Alright, my blog is starting to look like an actual blog that someone cares about. It's been far below freezing this entire winter, so I took what little disposable income I had saved up and sank it into a laptop and some software because I KNEW I was gonna be broke and freezing cold the entire month of January and would need to occupy myself while staying warm by my space heater. I've been dicking around with photoshop, learning some (very) rudimentary tricks as well as figuring out what to do to make this blog function a little more proper.
This album makes me happy. Really happy. There are very few bands in existence today that can apply such a scope of colors to one album using only guitar, bass, vocals and drums. To find a fair comparison to this album, one would have to stretch back a few decades and even then you would not find a good match. Pearls And Brass quietly dropped this album and (for me) flew right past heavy fuzz resurgents like Guitar Hero dandies Priestess and stoner pop princes Queens Of The Stone Age to craft an album much more precious than their vastly more popular contemporaries.
In a perfect world, P&B's output will be remembered with some small reverence not too unlike the early Groundhogs catalog, or Gary Moore's Skid Row. I would be unfair to compare this album to the first Captain Beyond album, but I think of the two as kin in my head because of the acoustic interludes countered against proggy fuzz attack. CB's interludes are more in the classic prog catagory, whereas P&B's lie closer in with doomy modal blues like Robert Johnson and wierdo acid folk like First Utterance from Comus. This album got REALLY popular around here because one of the independent record stores jumped on it and sold something like 60 copies of it within a month because they wore the grooves out playing it in the store. Just about everyone that walked through the door for a year got treated to hearing that album, and just about everybody that walked through the door, if they enjoyed the sound of an electric guitar at all had a good reason to buy it.
Pearls And Brass had it all; acoustic slide jams, early Grand Funk Railroad fuzz guitar attack, well thought out riffs that never ended and sometimes never repeated, vocal hooks galore, and the occasional stomping Sabbath doom-out. They were incessantly sold out and ordering more copies. When Pearls And Brass toured, our dumb city may have been one of the better markets for them to play. I opened for them twice and the shows were both nicely attended (and my bands shows were RARELY nicely attended.) We were out on a weekend roadtrip at one point, had a night off and saw that P&B were playing a bar we were familiar with and went and it was a GHOST TOWN. Had the band all to ourselves. At that point, live, they were already shirking off alot of the first albums material and they were playing the far more manic material off their upcoming second album "The Indian Tower", which is great, but I think all the songs sounded the same, though the lone acoustic track BLEW AWAY the three acoustic tracks on the first album. After they broke up, Randy Huth, the guitarist and vocalist did an acoustic solo album called Randall Of Nazareth. His style of writing and playing is captivating and singular. It would be worth your while to track it down (it's on Drag City I think, so it can't be too hard to get ahold of) if you like any of the acoustic moments on this album.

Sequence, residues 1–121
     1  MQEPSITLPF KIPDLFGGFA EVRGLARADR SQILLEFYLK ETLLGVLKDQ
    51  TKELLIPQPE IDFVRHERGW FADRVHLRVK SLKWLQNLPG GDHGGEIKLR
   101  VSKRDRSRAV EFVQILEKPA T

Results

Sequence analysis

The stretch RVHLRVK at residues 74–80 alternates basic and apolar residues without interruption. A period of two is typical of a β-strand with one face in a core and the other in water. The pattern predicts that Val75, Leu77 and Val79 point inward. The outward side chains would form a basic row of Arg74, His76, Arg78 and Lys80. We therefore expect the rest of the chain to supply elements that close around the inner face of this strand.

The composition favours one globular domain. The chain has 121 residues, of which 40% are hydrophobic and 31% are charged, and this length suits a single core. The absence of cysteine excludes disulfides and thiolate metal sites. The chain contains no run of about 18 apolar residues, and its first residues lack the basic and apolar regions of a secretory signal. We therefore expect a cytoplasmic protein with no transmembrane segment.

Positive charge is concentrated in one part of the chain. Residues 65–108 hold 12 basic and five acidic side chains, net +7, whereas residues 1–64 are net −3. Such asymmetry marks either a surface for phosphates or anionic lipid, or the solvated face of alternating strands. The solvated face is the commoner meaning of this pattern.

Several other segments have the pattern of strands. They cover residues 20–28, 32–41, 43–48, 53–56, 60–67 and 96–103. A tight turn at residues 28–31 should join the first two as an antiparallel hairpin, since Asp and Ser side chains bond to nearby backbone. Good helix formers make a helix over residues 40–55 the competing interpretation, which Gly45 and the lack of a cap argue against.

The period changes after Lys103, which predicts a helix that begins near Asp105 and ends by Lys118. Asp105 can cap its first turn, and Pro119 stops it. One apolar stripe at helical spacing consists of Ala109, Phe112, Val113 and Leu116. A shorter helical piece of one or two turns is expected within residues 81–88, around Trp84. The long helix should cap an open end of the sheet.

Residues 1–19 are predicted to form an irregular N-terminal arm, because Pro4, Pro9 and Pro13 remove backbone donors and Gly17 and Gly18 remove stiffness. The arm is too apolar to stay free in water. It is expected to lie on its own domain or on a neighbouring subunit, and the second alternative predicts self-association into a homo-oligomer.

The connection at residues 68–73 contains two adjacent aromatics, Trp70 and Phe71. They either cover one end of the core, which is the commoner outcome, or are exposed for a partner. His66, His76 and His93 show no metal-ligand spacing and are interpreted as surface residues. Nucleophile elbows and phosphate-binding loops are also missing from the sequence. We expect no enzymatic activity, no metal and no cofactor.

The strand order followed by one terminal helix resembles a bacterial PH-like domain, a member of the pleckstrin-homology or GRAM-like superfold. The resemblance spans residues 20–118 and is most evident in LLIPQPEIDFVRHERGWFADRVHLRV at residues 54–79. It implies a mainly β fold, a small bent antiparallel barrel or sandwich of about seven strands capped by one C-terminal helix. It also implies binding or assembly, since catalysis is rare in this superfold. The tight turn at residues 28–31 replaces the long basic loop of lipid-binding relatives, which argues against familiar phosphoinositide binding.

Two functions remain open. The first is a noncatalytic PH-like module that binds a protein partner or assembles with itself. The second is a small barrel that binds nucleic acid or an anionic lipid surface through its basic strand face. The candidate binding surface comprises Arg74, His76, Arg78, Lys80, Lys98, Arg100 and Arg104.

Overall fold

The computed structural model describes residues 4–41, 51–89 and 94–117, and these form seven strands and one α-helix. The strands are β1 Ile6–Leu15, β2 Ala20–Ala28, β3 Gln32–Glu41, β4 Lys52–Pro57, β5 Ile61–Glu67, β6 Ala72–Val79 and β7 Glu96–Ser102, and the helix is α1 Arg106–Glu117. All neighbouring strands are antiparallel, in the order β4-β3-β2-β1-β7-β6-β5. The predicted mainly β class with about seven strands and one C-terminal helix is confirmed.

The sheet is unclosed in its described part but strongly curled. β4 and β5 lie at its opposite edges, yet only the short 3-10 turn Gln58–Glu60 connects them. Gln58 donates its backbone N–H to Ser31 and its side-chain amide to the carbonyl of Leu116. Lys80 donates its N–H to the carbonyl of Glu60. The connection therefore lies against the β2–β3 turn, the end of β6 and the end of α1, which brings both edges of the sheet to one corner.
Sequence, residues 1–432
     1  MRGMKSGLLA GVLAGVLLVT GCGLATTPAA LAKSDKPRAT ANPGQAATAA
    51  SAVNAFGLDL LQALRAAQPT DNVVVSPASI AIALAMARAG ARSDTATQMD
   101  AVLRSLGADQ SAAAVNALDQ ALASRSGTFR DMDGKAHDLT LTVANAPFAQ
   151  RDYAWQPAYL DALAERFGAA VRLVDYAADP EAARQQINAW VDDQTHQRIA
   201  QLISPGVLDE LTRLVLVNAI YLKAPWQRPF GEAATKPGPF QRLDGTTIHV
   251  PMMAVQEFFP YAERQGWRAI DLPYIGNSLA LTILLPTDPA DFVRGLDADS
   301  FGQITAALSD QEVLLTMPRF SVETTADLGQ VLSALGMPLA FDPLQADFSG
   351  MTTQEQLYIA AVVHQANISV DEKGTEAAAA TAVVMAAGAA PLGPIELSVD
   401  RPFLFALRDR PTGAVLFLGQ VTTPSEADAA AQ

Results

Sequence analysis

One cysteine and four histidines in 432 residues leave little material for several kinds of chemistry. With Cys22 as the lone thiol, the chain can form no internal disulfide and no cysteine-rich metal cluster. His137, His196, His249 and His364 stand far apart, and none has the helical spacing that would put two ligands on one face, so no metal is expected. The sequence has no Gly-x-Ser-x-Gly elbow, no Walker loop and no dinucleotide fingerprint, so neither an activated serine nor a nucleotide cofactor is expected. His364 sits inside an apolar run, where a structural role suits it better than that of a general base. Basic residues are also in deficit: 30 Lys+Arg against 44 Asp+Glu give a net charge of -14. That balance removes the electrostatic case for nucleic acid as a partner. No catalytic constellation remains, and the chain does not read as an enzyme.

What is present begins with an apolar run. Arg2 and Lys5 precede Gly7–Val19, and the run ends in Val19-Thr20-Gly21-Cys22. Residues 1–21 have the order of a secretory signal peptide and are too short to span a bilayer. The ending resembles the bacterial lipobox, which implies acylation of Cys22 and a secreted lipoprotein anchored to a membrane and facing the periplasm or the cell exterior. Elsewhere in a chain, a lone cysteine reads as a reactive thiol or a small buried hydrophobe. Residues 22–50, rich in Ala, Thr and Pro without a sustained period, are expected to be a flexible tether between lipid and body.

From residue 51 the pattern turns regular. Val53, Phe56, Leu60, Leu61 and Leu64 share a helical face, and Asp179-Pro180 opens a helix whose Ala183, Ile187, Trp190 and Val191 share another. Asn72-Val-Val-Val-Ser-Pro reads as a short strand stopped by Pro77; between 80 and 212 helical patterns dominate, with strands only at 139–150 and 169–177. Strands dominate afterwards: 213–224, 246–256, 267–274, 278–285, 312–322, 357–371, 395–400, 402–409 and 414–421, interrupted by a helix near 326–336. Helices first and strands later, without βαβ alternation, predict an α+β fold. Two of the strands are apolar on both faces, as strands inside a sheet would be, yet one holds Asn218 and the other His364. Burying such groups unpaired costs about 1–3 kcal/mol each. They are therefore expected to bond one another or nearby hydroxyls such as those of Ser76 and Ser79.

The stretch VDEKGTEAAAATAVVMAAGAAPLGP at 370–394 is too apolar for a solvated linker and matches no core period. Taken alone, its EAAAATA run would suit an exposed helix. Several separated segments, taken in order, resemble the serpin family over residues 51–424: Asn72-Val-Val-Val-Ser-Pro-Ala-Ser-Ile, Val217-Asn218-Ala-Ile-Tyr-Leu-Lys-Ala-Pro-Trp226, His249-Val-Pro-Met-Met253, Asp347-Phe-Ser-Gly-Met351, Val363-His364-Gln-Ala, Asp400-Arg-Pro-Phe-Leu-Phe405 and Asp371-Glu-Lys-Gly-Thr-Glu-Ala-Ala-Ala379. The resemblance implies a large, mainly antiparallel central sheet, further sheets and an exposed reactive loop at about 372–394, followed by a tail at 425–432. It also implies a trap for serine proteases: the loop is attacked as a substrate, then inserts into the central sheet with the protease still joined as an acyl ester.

This recording is natural sounding and highly representative of what one would hear at the show. No processed vocals or 15 layers of guitars or triggered drums. Just good solid playing. I considered these guys the top of the heap of the fuzz resurgence, dusting more popular bands like Priestess and Dead Meadow (but not Dungen, who can do no wrong). After releasing the second album, P&B did their few tours and went on indefinite hiatus. Thankfully, these recordings will never go on hiatus. This is one of my favorite albums of all time, despite the ugly cover artwork. Hell, it's not like I can do any better.
"my bleeding hands, tearing up the ground"
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